Exploring toxic/non-tender masculinity and maleness within the text.

Half-Term 6 Topics and Content:

Component 3 Film Making – 

Practical skills; planning, shooting and editing a non-examined assessment piece of film making. Research into the horror genre. Nosferatu and The Cabinet of Dr Caligari to be examined along with The Others and The Woman in Black as key texts. 

Year 11:

Half- Term 1 Topics & Content:

Revise/recap Yr. 10 films:

Component 1: Key Developments in US Film:

  • Developments in Film Technology
  • Comparative Study (Sci-Fi): Film 1 “Invasion Of The Body Snatchers” (1956)
  • Comparative Study (Sci-Fi): Film 2     “E.T.: the Extra-Terrestrial”

Half-Term 2 Topic and Content:

Revising:  Developments in US Film:

  • Developments in Film Technology
  • Comparative Study (Sci-Fi): Film 1 “Invasion Of The Body Snatchers” (1956)
  • Comparative Study (Sci-Fi): Film 2     “E.T.: the Extra-Terrestrial”

Component 2: Global Film: Narrative, Representation and Film Style: The Wave (Die Welle)

Students will focus on the representations of teenagers and relationships. Social, historical context will be considered given where the film takes place.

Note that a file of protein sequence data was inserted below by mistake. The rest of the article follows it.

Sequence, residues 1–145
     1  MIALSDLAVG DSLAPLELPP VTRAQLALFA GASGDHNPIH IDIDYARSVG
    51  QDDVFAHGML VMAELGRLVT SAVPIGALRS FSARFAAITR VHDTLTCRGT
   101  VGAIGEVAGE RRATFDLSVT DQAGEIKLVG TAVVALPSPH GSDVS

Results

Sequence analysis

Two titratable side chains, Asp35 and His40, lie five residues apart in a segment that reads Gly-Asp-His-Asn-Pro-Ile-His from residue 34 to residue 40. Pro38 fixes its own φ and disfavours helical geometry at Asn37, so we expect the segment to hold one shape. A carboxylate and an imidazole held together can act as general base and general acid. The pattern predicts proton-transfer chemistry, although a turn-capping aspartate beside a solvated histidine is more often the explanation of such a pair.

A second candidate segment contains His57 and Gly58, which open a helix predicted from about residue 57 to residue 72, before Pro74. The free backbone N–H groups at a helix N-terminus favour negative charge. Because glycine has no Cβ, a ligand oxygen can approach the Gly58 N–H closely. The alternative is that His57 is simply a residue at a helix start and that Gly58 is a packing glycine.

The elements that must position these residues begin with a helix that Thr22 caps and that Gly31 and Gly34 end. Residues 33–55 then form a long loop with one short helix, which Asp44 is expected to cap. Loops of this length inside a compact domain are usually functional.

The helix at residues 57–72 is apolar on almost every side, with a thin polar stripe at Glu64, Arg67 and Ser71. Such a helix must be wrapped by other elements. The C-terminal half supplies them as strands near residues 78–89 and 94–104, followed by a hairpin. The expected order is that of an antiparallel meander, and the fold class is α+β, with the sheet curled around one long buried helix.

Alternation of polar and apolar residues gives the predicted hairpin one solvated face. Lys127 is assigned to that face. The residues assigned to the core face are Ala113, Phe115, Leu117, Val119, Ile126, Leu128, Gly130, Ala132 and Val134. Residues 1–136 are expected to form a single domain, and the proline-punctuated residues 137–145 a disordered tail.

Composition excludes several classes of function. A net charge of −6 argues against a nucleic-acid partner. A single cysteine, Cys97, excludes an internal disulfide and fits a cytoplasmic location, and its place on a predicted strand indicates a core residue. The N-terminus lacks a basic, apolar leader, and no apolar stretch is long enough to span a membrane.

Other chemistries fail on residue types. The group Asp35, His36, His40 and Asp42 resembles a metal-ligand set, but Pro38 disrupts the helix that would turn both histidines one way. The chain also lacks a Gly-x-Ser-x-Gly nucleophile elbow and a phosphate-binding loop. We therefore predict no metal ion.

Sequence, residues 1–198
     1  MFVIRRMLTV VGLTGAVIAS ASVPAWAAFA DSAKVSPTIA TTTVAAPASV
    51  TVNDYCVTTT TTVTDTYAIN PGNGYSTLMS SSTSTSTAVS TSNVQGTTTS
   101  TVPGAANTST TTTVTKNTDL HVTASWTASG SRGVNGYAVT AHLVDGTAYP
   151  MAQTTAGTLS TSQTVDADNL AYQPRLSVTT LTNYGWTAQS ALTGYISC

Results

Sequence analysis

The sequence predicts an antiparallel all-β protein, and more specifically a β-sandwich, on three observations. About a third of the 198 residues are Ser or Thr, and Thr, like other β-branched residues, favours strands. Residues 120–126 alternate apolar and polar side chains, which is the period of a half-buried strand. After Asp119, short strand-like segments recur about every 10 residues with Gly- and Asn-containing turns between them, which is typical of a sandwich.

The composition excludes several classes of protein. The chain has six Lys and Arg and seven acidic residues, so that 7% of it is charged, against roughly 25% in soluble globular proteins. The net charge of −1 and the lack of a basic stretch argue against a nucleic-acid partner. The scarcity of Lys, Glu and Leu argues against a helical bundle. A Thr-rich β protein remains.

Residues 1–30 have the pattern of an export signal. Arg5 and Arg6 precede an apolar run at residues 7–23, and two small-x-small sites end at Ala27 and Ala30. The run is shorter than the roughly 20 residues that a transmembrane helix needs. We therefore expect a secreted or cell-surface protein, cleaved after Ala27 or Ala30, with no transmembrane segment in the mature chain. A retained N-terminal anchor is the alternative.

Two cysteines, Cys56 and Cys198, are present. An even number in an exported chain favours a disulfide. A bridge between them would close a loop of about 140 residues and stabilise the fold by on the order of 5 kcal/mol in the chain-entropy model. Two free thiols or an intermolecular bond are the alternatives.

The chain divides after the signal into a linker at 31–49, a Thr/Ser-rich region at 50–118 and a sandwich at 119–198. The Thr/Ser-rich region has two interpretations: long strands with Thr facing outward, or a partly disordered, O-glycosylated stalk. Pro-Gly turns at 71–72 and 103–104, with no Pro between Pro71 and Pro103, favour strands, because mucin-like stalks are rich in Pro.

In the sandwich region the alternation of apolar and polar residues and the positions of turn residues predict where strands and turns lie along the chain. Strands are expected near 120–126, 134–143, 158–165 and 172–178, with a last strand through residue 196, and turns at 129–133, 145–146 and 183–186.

Half-Term 3 Topics & Content:

Component 3 Film Making –

Evaluative skills writing about the successes and shortcomings of making a film through a critical evaluation of the student’s own work.

Ensuring that the evaluation contains ‘language of the expert’.

First draft of fully completed film concept submitted.

Half-Term 4 Topics & Content:


  • Film Form
  • Component 2 films and topics
  • Component 1 films and topics.

District 9 and Attack the Block revisited. Formative assessments conducted of both texts with a focus on the core concepts that both texts address.

Half-Term 5 Topics and Content:

Revision of Film History and Whiplash as an exploration into toxic masculinity. The specialist piece of writing by the selected critic will be explored in depth.

GCSE examinations.

Out of Hours Activities (what, when,where):Each year group – a Film Night in school (Yr. 10s = Summer Term, Yr. 11 = end of Autumn Term). 3 films + pizza. 
Department Website Links (including exam boards, revision sites etc):